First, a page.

Schools fear legal actions over waiting list ban

South Dublin principals say they expect parents will challenge admissions reforms

Minister for Education Richard Bruton at Dublin Castle in Dublin, Ireland. Photograph: Brian Lawless/PA Wire

Minister for Education Richard Bruton at Dublin Castle in Dublin, Ireland. Photograph: Brian Lawless/PA Wire


Principals of some south Dublin secondary schools say they expect legal actions from parents who will lose automatic school places for their children as a result of new laws to ban waiting lists.

Minister for Education Richard Bruton is to publish school admissions legislation today which proposes to end waiting lists on the basis that they unfairly discriminate against parents and children.

This will mean children who are first in the queue for school places after being placed on waiting lists shortly after their birth will lose this advantage,

Instead, all children will be required to apply to enrol in a school in the year before enrolment.

Many prestigious secondary schools already have the names of thousands of young children on waiting lists for admission who are not due to begin second-level for up to 10 years or more.

‘Legitimate expectation’

One principal of a south County Dublin secondary school, who declined to be named, said: “Many feel that legally they have a legitimate expectation of getting a place because they’ve been signed-up for years.”

Another said: “Our advice to parents has been to get your name down on the list and see what happens [with the legislation]. There is a good chance they can challenge it if it becomes law. ”

A spokesman for Mr Bruton said the use of waiting lists for school admission can give rise to discrimination, in particular to people who have newly moved into an area.

“Transitional measures will be necessary with regard to the abolition of school waiting lists,” the spokesman said.

Any determination in relation to an “acceptable phasing out-period” will be made following engagement with stakeholders, the spokesman added.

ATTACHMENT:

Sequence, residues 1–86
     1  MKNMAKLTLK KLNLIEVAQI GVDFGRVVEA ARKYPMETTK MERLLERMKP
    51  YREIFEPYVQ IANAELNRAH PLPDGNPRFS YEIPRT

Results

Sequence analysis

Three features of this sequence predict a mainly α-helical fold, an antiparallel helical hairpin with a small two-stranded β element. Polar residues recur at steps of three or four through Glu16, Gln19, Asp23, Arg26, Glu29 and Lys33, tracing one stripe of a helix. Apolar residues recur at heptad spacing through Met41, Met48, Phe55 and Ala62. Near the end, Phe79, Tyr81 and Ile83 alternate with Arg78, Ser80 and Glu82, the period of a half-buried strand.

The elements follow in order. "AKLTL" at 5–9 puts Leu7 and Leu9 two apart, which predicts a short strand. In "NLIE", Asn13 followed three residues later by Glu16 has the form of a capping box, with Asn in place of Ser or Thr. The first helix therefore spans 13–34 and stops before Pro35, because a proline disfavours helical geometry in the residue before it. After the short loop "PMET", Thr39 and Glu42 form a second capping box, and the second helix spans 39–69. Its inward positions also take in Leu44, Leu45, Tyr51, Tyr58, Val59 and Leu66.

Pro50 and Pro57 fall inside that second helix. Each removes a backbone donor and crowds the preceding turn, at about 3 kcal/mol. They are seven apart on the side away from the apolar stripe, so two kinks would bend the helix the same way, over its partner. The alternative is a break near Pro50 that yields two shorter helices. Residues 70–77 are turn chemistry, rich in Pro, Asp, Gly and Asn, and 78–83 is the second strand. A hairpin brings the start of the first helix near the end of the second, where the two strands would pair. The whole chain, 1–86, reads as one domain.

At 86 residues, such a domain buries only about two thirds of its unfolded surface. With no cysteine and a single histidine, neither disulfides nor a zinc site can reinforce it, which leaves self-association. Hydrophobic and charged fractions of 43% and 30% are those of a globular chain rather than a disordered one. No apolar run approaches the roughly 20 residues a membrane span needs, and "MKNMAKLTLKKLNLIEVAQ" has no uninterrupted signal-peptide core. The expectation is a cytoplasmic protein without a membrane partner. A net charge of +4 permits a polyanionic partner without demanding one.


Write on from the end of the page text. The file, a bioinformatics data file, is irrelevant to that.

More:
Well-placed sources say this period could be in the region of three or four years and is likely to be stipulated in primary legislation.

Lynda O’Shea of the National Parents’ Council Post-Primary said the move was likely to frustrate many parents.

“If my child has been on a waiting list for a school for five or more years, only to find out they are no longer on any list, I would be very upset,” she said.

‘Phased out’

“They should be phased out over a longer period of time to accommodate parents who really want their child to go to a particular school.”

Mr Bruton’s legislation will also mean that no school will be able to set aside more than 25 per cent of places for children of past pupils.

The “old school tie” provision is part of a series of reforms aimed at making admissions rules easier and more transparent for children and parents.

An attempt by the previous government to put a similar limit in place was never legislated for and faced resistance from some private schools.

Some principals expect a fresh campaign against the proposals.

When a similar move was proposed in 2014, the Blackrock College Union – which represents past-pupils – urged former pupils to join the fight to defeat the proposal.

In a letter to former students at the time, the union’s then president – senior counsel Shane Murphy – warned the new law would prohibit the longstanding practice whereby schools assign priority to the applications of siblings and sons of past pupils.

“The admissions policy [at Blackrock] has engendered a positive community spirit through many generations of ‘Rockmen’ and has never before been so unjustly challenged by the State,” he wrote.

* This article was amended to correct an error